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Running Free in Germany’s Outdoor Preschools

The American journalist Richard Louv, who coined the term “nature-deficit disorder” in his 2005 book, “Last Child in the Woods,” is cited often by Robin Hood staff, as is “Coyote’s Guide to Connecting With Nature,” by Jon Young, Ellen Haas and Evan McGown. (“Savage Park,” by Amy Fusselman, is another book that chronicles uninhibited play and was inspired by a visit to an adventure playground in Tokyo.) The pedagogical philosophy of waldkitas, which privileges outdoor play and hands-on environmental learning, comes originally from Scandinavia, but, as one teacher put it to me, “they don’t make a big fuss about it like they do here.” The trend’s non-Teutonic origins are somewhat surprising: There might be nothing “more German” than a state-funded preschool based primarily in a forest.

Germany has nearly three times as much protected land as the U.S., proportionate to the countries’ sizes, a nontrivial fact that highlights the way much of the country thinks about nature and its role in the emotional health of its citizens. “It’s terrible that kids today know all about technology but nothing about the little bird outside their window,” Peters said, gesturing out toward the woods and sounding like any number of quotable Germans, from Goethe to Beethoven to Bismarck, all of whom have rhapsodized on the psychic benefits of spending time in the forest. He continued: “In life, bad things happen — you lose your job or your partner or everyone just hates you — but you’ll always have this.”


Robin Hood Forest Kindergarten

The Berlin-based preschool is one of 1,500 so-called waldkitas in Germany, most of which have opened in the last 15 years.

By MARCUS GAAB on Publish Date May 18, 2017.

Photo by Emma Hardy.

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AT AROUND 9 A.M., one child discovered a gruesome scene and pulled Baule over. “Ah,” she said, beckoning everyone else over. She pointed to the ground, where a pile of dark feathers lay lumped beneath a fir tree. She asked the children to guess who “killed” the blackbird. One small boy suggested that it was maybe the work of a fox. Baule, the school’s director, pantomimed exaggerated thought. “Well, no,” she said. “See how smooth the quill is?” The boy ran his fingers along the feather and nodded. “That means it was plucked. So the blackbird was killed by a bird of prey, not a fox.” She gathered the dirty feathers from the ground and distributed them one by one to the children. A wild-eyed girl with snot dripping from her nose rocked back and forth with impatience and squealed when she finally received her feather.

Within a few minutes, the children were spread out over an expanse of at least 10 acres. Some were jumping from boulders; others were dragging logs through marshland. Most were sucking on filthy icicles that had fallen from the eave of a greenhouse. At Robin Hood, the children are allowed to be out of eyesight of their minders, but not out of earshot. “Being secretive is good for child development,” Peters said. But whenever an adult called out “cuckoo,” the children all dutifully returned from whatever dangerous thing they were doing, which on the day I spent with them included climbing at least 10 feet up a tree and sliding unsupervised across a frozen pond.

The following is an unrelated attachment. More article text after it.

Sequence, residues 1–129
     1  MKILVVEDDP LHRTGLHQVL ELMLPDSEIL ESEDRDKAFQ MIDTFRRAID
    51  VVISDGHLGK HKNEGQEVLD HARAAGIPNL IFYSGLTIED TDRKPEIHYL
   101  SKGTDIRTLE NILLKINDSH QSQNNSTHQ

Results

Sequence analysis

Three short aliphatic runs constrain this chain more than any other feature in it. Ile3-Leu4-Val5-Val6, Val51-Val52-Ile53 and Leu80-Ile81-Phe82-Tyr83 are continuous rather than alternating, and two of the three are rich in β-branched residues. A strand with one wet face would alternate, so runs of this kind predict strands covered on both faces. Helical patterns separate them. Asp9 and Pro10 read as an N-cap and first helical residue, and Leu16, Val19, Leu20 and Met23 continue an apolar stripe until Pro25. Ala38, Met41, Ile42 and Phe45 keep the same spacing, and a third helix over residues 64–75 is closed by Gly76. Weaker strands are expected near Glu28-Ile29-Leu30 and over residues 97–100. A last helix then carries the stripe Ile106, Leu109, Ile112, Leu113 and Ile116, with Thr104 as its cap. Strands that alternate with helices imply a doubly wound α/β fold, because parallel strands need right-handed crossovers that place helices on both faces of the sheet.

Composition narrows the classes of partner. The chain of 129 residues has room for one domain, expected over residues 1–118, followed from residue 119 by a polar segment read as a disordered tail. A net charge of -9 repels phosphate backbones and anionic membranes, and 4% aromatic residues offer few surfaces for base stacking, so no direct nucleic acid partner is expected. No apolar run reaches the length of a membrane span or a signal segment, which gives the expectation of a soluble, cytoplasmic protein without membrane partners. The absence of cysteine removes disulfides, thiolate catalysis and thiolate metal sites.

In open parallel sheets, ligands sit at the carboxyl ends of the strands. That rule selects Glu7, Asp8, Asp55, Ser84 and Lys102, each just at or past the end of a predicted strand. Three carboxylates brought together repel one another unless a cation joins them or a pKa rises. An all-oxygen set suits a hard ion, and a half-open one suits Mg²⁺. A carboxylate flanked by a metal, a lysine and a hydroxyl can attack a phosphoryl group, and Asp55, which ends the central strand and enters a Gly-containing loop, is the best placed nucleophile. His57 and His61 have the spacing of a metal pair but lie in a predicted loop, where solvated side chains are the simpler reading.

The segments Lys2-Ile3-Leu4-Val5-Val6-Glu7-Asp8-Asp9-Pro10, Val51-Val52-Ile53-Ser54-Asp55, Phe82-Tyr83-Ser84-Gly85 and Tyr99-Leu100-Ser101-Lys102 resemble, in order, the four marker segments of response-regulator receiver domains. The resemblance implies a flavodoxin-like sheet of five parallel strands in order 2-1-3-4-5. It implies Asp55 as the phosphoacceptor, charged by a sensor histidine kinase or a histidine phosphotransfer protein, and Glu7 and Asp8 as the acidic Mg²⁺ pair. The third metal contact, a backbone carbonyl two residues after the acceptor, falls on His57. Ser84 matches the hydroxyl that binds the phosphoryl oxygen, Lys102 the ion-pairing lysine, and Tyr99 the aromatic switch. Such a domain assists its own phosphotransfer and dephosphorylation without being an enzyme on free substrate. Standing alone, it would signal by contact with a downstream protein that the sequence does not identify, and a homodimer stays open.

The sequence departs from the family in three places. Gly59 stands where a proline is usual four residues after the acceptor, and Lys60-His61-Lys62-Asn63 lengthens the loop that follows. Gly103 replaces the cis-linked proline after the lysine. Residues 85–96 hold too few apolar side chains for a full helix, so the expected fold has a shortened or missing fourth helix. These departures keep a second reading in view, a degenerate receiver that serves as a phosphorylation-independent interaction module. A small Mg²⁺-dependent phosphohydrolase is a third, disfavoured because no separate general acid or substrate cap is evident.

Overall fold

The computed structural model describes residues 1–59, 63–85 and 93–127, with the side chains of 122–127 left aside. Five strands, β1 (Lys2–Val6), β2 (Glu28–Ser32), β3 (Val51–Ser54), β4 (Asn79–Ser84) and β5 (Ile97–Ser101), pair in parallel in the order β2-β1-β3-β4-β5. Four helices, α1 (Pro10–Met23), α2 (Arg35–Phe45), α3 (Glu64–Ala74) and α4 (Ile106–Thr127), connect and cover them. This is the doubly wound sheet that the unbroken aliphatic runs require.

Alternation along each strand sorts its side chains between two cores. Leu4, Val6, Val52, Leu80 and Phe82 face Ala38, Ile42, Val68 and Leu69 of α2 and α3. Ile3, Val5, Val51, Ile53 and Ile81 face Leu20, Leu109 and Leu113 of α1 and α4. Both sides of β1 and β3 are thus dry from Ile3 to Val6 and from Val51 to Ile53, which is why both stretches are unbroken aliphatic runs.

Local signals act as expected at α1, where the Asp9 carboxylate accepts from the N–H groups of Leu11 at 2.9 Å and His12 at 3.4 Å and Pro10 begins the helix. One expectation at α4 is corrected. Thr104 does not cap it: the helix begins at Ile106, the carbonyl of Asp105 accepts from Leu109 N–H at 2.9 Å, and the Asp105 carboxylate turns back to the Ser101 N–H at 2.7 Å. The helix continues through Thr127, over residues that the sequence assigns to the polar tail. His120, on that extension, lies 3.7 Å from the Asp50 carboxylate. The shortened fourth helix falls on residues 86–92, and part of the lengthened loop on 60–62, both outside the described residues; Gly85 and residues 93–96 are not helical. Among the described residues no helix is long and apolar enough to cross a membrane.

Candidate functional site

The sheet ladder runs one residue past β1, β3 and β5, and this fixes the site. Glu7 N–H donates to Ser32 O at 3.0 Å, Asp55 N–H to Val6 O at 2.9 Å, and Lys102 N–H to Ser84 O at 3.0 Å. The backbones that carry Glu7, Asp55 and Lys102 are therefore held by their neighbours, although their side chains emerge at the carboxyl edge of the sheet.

“We used to bring very simple things, lengths of rope for instance,” Peters said. “But soon we realized even that wasn’t necessary.” The lack of toys, he explained, means less fighting and more inclusiveness. “They realize that they need friends if they’re going to play.” Just then, Peters bent down and picked a frosty leaf — an English plantain, I later learned. “We use this instead of Band-Aids,” he said, “You just mash it up a bit and stick it on a cut. It has natural anti-inflammatory properties.”


A collection of feather sticks, used to help start a fire.

Emma Hardy

By the time a secluded spot had been chosen for breakfast, the childrens’ fingernails were black with dirt, and although it was exceptionally cold nobody was complaining. Instead they all arranged their backpacks into a circle and wandered off in various directions to pee semi-privately, each one undressing out of their snowsuits without help. They returned and took out small Tupperware containers full of fresh produce from their backpacks. Two girls, both under 5, began arranging the fruit into an elaborate mandala atop a wooden tray. They piled carrot coins in the middle and surrounded them with concentric circles of tangerines, bell pepper slices and cucumber sticks; dates went in one corner and apple chunks in another, with a scattering of walnuts on the opposite side of the plate. Baule had encouraged them to organize the food “neatly” but provided no further instructions. The girls did all this slowly and wordlessly, rearranging items when they didn’t like a particular combination. The end result was as beautiful as anything you’d see in a restaurant.

As it is on most mornings, breakfast was eaten in complete quiet. Children took turns silently presenting everyone else with the tray from which they each chose a single piece of fruit until it was all gone. For months, they had been reminded that by not making any noise at all while eating, it is more likely that a deer might approach them, and at the very least they’ll better hear the bird calls. In over 45 minutes I didn’t hear a single giggle. When they were done, Baule excused them. There were sudden laughs and yelps and everyone vanished into the forest.

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